As regards issue (ii), this can be answered briefly. The Court below, not being the final Court had a duty to decide the merit of the case upon the issues canvassed before it, notwithstanding that it resolved the issue of jurisdiction to the effect that the Benue State High Court lacked jurisdiction. This is because if on appeal to this Court it was reversed on that issue, it would prevent the necessity of remitting the appeal to it to resolve the other issues arising from appeal as originally made to it: See Ezeoke v. Nwagbo (1988) 1 NWLR (Pt. 72) 616; Bayol v. Ahemba (1999) 7 SCNJ 223. The Court below was in error to have failed to resolve all the issues canvassed before it rather than confine itself only to the issue of jurisdiction. I answer issue (ii) in the negative.
However, notwithstanding that issue (ii) is resolved in favour of the Appellant, issue (i) is decisive of this appeal. In view of that issue, I find no merit in this appeal. I accordingly dismiss it and affirm the decision of the Court below. I award the Respondent N10,000.00 costs.
IDRIS LEGBO KUTIGI, JSC.: I read in advance the judgment just delivered by my learned brother Uwaifo, JSC. I agree with him that the appeal has no merit. The Court of Appeal was right when it held that the trial High Court lacked jurisdiction to try the suit in view of the provision of Section 230(1) of the 1979 Constitution as amended by Decree No. 107 of 1993 which came into force on 17/11/1993 even though the cause of action herein arose on 28/6/1991 when the Plaintiff/Appellant’s appointment was terminated. The crucial date here as far as jurisdiction is concerned is 17/11/1993 when Decree No. 107 took effect and denied jurisdiction to the Court and not 28/6/1991 when the cause of action arose even though the Court had jurisdiction then. The appeal is accordingly dismissed. The judgment of the Court of Appeal striking out Plaintiff’s suit is confirmed. I endorse the order for costs.
SYLVESTER UMARU ONU, JSC: I have the advantage of reading before now the judgment of my learned brother Uwaifo, JSC. I am in agreement with his reasoning and conclusion that the appeal is devoid of any merit. I accordingly dismiss it and award N10,000.00 costs to the Respondent.
NIKI TOBI, JSC: I have read the judgment of my learned brother, Uwaifo, JSC, and I agree that this appeal has no merit. The principle of law that the jurisdiction of a Court is determined by the law existing at the time the cause of action arose, cannot be invoked to vest jurisdiction in a Court that lacks it. If a Court lacks jurisdiction in a matter, no amount of law can vest jurisdiction in it.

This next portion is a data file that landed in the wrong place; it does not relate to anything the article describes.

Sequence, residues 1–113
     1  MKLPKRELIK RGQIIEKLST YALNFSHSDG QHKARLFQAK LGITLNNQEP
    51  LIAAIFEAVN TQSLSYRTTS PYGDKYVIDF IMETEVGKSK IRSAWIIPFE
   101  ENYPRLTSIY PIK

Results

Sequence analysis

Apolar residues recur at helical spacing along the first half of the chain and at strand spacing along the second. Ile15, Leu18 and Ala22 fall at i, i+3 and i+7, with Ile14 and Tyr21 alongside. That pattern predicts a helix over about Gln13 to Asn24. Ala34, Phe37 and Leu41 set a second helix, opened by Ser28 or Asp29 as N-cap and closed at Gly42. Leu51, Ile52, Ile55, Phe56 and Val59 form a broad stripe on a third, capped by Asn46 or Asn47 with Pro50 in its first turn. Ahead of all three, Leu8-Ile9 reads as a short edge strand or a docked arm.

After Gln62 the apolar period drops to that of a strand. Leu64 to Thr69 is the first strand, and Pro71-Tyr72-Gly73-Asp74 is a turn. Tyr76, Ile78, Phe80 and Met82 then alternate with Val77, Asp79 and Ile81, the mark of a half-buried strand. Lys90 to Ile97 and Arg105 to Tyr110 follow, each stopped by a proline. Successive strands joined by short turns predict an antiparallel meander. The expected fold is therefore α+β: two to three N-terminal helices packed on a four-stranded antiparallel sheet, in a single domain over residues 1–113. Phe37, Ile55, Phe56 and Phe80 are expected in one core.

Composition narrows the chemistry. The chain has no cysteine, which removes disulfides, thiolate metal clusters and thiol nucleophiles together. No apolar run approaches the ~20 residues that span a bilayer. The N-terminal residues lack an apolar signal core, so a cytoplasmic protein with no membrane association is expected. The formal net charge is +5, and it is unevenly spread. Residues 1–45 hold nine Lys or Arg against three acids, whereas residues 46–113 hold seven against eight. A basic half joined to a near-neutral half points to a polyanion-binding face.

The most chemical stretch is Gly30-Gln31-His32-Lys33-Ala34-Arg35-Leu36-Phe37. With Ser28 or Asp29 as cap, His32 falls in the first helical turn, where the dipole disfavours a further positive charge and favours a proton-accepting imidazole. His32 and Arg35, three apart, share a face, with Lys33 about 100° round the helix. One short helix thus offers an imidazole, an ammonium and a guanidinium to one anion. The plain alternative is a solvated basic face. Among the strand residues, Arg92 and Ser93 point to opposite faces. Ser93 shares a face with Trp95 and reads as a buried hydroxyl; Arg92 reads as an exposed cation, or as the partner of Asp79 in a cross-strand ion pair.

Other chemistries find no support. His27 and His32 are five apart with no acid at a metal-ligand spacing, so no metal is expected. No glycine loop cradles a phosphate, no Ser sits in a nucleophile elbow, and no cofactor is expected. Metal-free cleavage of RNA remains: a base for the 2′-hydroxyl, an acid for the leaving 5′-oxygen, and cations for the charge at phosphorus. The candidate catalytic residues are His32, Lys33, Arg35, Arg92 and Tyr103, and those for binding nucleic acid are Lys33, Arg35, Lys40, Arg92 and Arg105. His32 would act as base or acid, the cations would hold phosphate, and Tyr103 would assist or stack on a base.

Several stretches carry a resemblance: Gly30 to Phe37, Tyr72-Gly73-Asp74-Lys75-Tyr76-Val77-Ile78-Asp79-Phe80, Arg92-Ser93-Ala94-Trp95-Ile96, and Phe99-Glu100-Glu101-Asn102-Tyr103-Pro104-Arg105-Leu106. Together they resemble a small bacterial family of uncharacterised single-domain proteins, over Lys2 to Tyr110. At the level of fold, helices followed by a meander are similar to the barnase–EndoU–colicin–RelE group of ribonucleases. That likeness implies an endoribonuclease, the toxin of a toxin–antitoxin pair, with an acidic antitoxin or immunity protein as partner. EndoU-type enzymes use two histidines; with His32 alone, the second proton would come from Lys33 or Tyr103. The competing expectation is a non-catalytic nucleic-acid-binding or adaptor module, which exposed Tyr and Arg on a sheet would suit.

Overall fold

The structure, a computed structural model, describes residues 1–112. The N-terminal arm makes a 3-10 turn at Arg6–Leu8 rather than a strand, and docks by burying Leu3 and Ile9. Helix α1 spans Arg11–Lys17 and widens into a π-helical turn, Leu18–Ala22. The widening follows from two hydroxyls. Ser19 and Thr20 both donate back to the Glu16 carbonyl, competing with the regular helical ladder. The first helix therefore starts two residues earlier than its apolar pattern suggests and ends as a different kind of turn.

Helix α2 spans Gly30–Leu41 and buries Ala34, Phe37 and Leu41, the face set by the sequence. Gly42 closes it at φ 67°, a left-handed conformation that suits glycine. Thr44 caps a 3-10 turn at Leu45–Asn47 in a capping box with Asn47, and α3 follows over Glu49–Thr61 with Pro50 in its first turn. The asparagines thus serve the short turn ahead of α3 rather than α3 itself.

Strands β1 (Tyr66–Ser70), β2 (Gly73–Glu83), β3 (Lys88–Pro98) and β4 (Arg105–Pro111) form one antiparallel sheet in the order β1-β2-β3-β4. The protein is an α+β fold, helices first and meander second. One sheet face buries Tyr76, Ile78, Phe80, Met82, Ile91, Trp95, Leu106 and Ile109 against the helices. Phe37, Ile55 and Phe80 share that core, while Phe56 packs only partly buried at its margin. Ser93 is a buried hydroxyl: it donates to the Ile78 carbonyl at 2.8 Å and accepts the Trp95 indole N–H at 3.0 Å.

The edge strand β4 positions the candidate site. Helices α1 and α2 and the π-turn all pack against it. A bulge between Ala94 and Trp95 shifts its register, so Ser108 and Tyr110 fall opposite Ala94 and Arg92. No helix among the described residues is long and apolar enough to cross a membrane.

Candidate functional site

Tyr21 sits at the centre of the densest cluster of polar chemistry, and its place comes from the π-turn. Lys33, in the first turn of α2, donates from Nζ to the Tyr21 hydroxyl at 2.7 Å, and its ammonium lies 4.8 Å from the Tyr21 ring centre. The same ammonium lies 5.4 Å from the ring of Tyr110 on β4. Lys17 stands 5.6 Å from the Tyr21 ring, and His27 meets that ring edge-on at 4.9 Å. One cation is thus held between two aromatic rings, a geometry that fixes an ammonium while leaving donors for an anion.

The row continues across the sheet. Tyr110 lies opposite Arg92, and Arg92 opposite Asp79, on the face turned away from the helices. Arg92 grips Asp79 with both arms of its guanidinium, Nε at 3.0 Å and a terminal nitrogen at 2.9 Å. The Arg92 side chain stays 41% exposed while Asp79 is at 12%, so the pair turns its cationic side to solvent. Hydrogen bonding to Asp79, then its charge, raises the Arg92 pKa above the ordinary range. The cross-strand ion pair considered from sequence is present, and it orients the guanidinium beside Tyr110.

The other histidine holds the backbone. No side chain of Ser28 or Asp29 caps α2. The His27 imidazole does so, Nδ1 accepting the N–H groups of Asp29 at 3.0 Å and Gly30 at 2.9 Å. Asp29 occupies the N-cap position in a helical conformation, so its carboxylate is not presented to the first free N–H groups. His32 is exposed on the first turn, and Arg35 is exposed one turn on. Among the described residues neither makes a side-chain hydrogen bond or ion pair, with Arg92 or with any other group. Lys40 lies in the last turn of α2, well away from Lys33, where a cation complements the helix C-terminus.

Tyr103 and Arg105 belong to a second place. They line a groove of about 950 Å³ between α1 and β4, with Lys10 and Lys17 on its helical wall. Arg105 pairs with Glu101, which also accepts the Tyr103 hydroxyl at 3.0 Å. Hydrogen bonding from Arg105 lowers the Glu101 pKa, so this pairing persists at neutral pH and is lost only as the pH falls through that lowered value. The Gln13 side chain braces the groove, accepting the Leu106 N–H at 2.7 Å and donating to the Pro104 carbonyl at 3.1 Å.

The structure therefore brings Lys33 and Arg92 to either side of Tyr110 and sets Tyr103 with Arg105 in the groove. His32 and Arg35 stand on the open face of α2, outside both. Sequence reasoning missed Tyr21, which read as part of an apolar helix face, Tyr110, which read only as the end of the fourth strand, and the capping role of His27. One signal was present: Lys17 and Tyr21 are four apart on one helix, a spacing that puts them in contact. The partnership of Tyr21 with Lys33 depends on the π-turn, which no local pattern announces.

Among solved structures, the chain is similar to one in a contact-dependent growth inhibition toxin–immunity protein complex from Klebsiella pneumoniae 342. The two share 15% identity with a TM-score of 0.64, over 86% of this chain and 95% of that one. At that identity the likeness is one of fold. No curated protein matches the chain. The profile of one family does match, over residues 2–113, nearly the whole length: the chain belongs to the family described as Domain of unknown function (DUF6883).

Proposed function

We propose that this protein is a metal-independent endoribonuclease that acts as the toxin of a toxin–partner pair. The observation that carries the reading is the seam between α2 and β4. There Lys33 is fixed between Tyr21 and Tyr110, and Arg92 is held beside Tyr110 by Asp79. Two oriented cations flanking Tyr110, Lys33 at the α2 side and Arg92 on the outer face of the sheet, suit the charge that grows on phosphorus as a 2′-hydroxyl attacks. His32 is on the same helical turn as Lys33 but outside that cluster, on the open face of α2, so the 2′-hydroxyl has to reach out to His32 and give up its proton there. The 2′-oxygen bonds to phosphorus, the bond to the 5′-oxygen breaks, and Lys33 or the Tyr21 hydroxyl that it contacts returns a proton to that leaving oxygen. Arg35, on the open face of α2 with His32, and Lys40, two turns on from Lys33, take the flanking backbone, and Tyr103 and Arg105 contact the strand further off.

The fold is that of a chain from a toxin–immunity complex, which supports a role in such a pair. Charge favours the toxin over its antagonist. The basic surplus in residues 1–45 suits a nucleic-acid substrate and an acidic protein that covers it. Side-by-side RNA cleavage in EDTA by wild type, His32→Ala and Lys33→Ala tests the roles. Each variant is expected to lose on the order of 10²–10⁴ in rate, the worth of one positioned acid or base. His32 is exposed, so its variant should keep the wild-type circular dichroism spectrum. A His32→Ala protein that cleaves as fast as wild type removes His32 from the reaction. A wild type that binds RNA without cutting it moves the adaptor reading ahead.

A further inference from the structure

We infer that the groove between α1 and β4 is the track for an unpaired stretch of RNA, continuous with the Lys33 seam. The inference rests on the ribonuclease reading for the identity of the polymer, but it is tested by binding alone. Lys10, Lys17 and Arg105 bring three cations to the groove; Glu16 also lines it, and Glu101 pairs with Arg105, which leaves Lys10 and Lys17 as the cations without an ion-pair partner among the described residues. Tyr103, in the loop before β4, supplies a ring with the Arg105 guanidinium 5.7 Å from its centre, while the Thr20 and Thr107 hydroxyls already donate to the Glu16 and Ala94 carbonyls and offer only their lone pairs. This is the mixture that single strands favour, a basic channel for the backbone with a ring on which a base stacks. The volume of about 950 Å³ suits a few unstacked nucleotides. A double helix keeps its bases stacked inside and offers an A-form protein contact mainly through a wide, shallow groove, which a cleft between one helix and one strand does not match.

Although the cause of action in this matter arose in 1990, the applicable law is not the 1979 Constitution because Decree No. 107 of 1993 repealed the jurisdiction conferred on the State High Court under Section 230(1) of the 1979 Constitution.
All Courts below the Supreme Court are bound to take all issues canvassed by the parties, even when such issues appear superfluous or spent. This is to enable the Court exercising appellate jurisdiction to determine the issues, even if in the alternative. I think this Court has the exclusive jurisdiction or should I say prerogative to do what the Court of Appeal did because it is the final bus stop of any litigation.
It is for the above reasons and the more comprehensive reasons given by my learned brother, Uwaifo, JSC, that I too dismiss the appeal and award N10,000.00 costs to the Respondent.
IGNATIUS CHUKWUDI PATS-ACHOLONU, JSC: I have had the benefit of reading the draft judgment of my learned brother Uwaifo, JSC and I agree with him. The argument of the Appellant that because the cause of action arose at the time when the State High Court where the action was later instituted had the jurisdictions, therefore, regardless of the fact’ that before the action was taken, that Court like all State High Courts had been divested of the jurisdiction by reason of the amendment of Section 230(1) of the 1979 Constitution by Constitution (Suspension and Modification) Decree 107 of 1993, could still entertain the case, is rather skewed and puerile. If in the unlikely event or hypothetical situation of the State High Courts having been abolished by the Military Government, would the abolished Courts have been resurrected because the Appellant has instituted an action the cause of action which arose when that Court was still in existence? The answer is of course in the negative. It is essential to differentiate the application of the law when the cause of action arose, and the jurisdiction exercisable by the Court when the proponent of an action decides to institute an action.
In this case the Appellant obviously erred.
This appeal lacks merit in its entirety and it is accordingly dismissed with cost to the Respondent which I assess at N10,000.00.